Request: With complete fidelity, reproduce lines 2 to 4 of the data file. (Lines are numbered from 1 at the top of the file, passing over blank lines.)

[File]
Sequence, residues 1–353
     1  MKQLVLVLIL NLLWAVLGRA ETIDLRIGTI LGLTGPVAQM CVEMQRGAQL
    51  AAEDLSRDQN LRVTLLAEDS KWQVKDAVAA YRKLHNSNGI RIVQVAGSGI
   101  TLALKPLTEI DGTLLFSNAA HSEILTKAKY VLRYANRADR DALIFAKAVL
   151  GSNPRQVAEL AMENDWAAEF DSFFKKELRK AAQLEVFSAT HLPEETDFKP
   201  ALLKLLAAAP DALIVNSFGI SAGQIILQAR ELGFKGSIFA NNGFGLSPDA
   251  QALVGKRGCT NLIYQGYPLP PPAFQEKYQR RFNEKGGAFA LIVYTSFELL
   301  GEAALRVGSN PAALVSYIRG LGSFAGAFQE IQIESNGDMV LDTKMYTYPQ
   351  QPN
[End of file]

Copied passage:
     1  MKQLVLVLIL NLLWAVLGRA ETIDLRIGTI LGLTGPVAQM CVEMQRGAQL
    51  AAEDLSRDQN LRVTLLAEDS KWQVKDAVAA YRKLHNSNGI RIVQVAGSGI
   101  TLALKPLTEI DGTLLFSNAA HSEILTKAKY VLRYANRADR DALIFAKAVL